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  • On-Line Handwriting Recognition Using

    Hidden Markov Models

    by

    Han Shu

    S. B., Electrical Engineering and Computer Science Massachusetts Institute of Technology (1996)

    Submitted to the Department of Electrical Engineering and Computer Science

    in Partial Fulfillment of the Requirements for the Degree of

    Master of Engineering in Electrical Engineering and Computer Science

    at the Massachusetts Institute of Technology

    February, 1997

    Copyright 0 1997 by Han Shu. All rights reserved.

    The author hereby grants to M.I.T. permission to reproduce and distribute publicly paper and electronic copies of this thesis

    and to grant others the right to do so.

    A uthor. ........................... Department of Efectrical Engineering and Computer Science

    August 15, 1996

    Certified by........................ C e t e bJohn M akhoul

    Chief Scientist, Speech and Language Department, BBN Corp. Thesis Supervisor

    Certified by.......... Victor W. Zue

    Senior Research Scientist, Deptmet of Electrical En gneering and Computer Science -, - /- Thesis Supervisor

    Accepted by ............. ........ ....... ........ S/p " U Arthur C. Smith

    .... ; ':::~C .hairman, Department Committee on Graduate Theses

    Ig. MAR 2 11997

    LIBRARIES

  • On-Line Handwriting Recognition Using

    Hidden Markov Models

    by

    Han Shu

    Submitted to the Department of Electrical Engineering and Computer Science

    February 1, 1997

    In Partial Fulfillment of the Requirements for the Degree of Master of Engineering in Electrical Engineering and Computer Science

    Abstract

    New global information-bearing features improved the modeling of individual letters, thus diminishing the error rate of an HMM-based on-line cursive handwriting recognition system. This system also demonstrated the ability to recognize on-line cursive handwriting in real time. The BYBLOS continuous speech recognition system, a hidden Markov model (HMM) based recognition system, is applied to on-line cursive handwriting recognition. With six original features, delta x, delta y, writing angle, delta writing angle, PenUp/PenDown bit, and sgn(x-max(x)), the baseline system obtained a word error rate of 13.8% in a 25K-word lexicon, 86-character set, writer-independent task. Four new groups of features, a vertical height feature, a space feature, hat stroke features, and substroke features, were implemented to improve the characterization of vertical height, inter-word space, and other global information. With the new features, the system obtained a word error rate of 9.1%, a 34% reduction in error. Additionally, the space feature and the substroke features each reduced the word error rate approximately 15%. In addition, we demonstrated real-time, large vocabulary, writer-independent, on-line cursive handwriting recognition without sacrificing much recognition accuracy of the baseline system by implementing minor modifications to the baseline handwriting recognition system. The details of the on-line cursive handwriting recognition system, the feature experiments, and the real-time demonstration system are presented.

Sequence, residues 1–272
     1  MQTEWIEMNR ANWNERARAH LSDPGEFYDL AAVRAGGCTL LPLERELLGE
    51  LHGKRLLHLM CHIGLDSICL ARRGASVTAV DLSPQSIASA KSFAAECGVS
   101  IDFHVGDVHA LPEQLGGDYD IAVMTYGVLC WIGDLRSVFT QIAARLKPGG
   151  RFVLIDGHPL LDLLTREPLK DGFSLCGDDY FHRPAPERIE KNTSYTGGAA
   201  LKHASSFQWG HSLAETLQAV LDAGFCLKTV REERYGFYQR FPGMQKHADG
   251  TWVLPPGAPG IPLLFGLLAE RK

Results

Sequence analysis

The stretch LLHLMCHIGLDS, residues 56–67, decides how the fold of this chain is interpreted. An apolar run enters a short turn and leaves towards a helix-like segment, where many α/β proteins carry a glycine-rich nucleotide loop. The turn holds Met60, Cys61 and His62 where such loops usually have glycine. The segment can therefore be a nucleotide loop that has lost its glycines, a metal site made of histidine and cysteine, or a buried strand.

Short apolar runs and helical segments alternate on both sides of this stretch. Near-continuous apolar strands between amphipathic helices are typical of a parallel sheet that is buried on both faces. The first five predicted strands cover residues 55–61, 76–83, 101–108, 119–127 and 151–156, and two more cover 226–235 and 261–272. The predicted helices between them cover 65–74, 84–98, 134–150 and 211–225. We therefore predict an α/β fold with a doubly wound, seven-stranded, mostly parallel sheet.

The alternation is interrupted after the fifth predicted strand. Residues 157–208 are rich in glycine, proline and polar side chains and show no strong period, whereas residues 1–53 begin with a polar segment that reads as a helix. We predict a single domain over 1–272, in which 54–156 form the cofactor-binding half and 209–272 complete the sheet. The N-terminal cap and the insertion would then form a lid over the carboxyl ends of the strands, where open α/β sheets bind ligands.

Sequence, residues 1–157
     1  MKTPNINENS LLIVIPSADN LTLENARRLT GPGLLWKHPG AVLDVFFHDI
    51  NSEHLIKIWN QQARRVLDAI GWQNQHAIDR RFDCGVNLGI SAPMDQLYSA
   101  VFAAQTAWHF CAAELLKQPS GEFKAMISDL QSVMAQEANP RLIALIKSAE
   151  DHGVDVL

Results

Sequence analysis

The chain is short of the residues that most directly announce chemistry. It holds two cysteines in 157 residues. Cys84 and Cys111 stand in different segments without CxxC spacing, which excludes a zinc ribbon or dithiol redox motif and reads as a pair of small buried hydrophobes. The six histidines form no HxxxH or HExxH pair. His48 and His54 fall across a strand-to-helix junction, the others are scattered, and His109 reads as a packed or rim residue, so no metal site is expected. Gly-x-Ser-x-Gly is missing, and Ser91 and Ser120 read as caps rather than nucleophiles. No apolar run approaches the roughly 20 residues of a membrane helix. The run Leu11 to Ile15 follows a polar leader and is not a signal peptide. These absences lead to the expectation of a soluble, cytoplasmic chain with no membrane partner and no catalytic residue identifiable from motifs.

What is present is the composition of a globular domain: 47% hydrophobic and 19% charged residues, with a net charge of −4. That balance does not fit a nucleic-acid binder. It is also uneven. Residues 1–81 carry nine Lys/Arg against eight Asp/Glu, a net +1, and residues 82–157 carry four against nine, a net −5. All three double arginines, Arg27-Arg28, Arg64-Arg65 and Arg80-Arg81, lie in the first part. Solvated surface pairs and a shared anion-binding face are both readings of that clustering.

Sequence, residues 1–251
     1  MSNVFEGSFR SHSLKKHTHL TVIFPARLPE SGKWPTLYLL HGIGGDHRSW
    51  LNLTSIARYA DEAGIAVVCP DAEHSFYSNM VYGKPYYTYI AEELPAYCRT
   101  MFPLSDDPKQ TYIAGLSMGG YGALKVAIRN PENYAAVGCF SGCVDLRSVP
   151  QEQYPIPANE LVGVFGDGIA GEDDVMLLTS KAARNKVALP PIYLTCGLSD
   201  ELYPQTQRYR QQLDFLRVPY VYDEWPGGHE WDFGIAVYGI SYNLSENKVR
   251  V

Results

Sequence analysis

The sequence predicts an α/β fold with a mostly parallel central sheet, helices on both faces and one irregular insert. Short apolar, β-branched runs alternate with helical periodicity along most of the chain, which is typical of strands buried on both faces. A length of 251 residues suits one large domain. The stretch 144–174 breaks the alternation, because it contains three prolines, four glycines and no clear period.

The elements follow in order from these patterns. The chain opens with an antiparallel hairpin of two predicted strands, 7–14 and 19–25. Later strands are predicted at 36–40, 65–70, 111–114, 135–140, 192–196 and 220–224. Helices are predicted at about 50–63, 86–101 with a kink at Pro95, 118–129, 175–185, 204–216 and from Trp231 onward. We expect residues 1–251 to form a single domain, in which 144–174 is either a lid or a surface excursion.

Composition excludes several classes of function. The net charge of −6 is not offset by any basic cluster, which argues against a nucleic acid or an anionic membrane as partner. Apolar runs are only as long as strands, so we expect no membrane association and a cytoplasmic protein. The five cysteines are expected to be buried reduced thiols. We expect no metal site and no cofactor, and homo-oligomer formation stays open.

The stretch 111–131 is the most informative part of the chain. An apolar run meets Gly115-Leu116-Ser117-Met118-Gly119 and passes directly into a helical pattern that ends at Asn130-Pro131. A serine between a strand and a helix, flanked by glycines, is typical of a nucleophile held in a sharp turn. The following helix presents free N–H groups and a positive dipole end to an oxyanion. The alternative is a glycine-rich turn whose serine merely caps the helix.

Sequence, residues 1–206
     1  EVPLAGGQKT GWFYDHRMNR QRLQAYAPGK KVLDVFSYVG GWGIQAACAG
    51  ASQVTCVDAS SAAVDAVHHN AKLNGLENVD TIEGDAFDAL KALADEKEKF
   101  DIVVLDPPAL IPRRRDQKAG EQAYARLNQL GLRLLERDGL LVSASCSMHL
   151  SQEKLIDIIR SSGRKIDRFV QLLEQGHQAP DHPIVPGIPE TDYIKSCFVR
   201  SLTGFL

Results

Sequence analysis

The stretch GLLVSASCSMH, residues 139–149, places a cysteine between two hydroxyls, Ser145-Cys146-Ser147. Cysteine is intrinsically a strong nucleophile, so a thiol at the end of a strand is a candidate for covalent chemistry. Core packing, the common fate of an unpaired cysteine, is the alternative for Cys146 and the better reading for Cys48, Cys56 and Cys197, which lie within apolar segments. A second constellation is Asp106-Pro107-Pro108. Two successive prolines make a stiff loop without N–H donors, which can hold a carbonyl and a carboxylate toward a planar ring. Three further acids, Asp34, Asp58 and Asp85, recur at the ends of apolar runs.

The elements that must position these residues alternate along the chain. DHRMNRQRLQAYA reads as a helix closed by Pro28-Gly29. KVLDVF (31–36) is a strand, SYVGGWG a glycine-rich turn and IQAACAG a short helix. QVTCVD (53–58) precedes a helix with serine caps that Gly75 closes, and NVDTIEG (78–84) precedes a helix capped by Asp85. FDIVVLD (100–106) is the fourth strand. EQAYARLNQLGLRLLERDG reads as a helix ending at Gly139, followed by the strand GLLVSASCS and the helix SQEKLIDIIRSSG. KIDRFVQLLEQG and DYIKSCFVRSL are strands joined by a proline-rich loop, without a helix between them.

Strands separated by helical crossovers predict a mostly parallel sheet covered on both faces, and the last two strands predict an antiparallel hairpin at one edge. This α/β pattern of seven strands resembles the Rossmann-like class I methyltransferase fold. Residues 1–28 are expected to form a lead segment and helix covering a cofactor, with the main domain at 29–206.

Thesis Supervisors: Dr. John Makhoul and Dr. Victor W. Zue Titles: Chief Scientist, Speech and Language Department, BBN Corp. and

    Senior Research Scientist, Dept. ofEECS, MIT

  • Acknowledgments

    First of all, I would like to thank my advisors, Dr. John Makhoul, Richard Schwartz, and Dr. Victor Zue for the opportunity to study with them. I have learned a great deal from their six-day weeks, their enthusiasm and tenacity in research, and their ability to explain difficult concepts with clarity.

    Second, I would like to thank all of the people who were a part of BBN's Speech and Language Department and HARK Department. Special thanks go to Mike Vande Weghe, George Yu, and Bruce Musicus for introducing me to speech recognition and the groups, and to George Zavaliagkos, Long Nguyen, Chris LaPre, John McDonough, and Francis Kubala for giving me valuable help with the BYBLOS speech recognition system.

    I would like to thank all of the people who have contributed to the BYBLOS on-line cursive handwriting recognition project over last four years. Without their effort, this project would not have been possible: to Thad Starner, James Yang, and George Chou for collecting the on-line handwriting data and establishing the baseline system, and to Greg Spurrier, for implementing the Winsock interface on the PC for the real-time cursive handwriting recognition demo.